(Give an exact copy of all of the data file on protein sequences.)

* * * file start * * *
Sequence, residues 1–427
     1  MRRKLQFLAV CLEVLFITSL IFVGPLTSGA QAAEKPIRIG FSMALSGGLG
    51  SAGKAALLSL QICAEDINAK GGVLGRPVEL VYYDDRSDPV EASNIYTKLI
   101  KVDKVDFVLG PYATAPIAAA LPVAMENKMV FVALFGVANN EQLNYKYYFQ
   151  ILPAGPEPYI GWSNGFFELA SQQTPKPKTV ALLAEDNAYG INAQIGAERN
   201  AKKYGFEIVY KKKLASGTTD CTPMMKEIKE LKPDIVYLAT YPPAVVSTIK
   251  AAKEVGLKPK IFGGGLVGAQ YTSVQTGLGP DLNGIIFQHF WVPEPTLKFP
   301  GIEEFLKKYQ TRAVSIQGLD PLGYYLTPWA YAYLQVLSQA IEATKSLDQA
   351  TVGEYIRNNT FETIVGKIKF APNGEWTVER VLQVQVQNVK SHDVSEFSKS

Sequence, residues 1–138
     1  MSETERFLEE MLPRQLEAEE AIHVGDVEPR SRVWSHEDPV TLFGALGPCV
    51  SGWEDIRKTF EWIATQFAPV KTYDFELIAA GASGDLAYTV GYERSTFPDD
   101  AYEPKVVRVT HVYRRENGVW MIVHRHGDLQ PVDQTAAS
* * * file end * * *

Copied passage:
Sequence, residues 1–427
     1  MRRKLQFLAV CLEVLFITSL IFVGPLTSGA QAAEKPIRIG FSMALSGGLG
    51  SAGKAALLSL QICAEDINAK GGVLGRPVEL VYYDDRSDPV EASNIYTKLI
   101  KVDKVDFVLG PYATAPIAAA LPVAMENKMV FVALFGVANN EQLNYKYYFQ
   151  ILPAGPEPYI GWSNGFFELA SQQTPKPKTV ALLAEDNAYG INAQIGAERN
   201  AKKYGFEIVY KKKLASGTTD CTPMMKEIKE LKPDIVYLAT YPPAVVSTIK
   251  AAKEVGLKPK IFGGGLVGAQ YTSVQTGLGP DLNGIIFQHF WVPEPTLKFP
   301  GIEEFLKKYQ TRAVSIQGLD PLGYYLTPWA YAYLQVLSQA IEATKSLDQA
   351  TVGEYIRNNT FETIVGKIKF APNGEWTVER VLQVQVQNVK SHDVSEFSKS

Sequence, residues 1–138
     1  MSETERFLEE MLPRQLEAEE AIHVGDVEPR SRVWSHEDPV TLFGALGPCV
    51  SGWEDIRKTF EWIATQFAPV KTYDFELIAA GASGDLAYTV GYERSTFPDD
   101  AYEPKVVRVT HVYRRENGVW MIVHRHGDLQ PVDQTAAS